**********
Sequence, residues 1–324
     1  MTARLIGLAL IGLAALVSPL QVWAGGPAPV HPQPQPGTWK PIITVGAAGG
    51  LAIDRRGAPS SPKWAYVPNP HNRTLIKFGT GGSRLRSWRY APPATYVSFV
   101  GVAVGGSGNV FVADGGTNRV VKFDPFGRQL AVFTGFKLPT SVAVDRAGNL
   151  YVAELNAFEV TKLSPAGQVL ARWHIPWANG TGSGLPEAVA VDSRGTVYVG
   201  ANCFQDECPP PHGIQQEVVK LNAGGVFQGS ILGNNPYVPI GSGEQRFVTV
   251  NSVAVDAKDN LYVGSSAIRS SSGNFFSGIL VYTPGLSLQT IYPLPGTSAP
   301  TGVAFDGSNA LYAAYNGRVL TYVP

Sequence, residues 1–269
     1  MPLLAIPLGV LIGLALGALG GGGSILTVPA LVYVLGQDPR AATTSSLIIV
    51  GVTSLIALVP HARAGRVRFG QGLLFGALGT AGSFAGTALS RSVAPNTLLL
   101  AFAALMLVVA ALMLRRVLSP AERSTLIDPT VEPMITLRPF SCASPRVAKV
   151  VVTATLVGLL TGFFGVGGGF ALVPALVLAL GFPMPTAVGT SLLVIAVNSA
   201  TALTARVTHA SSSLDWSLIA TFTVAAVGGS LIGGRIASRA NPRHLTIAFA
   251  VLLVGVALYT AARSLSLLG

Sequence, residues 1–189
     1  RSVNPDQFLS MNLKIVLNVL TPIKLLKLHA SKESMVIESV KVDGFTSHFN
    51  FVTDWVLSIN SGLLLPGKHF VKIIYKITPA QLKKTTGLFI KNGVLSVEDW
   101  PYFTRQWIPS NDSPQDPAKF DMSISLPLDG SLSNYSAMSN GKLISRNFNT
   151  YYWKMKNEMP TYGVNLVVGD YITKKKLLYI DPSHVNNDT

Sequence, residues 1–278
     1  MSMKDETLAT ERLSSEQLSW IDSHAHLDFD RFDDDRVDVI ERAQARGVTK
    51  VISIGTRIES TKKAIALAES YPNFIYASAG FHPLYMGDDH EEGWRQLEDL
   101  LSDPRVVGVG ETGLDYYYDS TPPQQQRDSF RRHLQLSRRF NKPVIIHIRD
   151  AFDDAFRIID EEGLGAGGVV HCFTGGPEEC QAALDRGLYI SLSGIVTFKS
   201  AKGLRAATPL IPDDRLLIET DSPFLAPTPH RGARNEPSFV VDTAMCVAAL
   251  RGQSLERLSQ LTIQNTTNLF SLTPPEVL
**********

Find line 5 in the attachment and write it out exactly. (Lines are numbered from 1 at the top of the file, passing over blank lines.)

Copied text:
   151  YVAELNAFEV TKLSPAGQVL ARWHIPWANG TGSGLPEAVA VDSRGTVYVG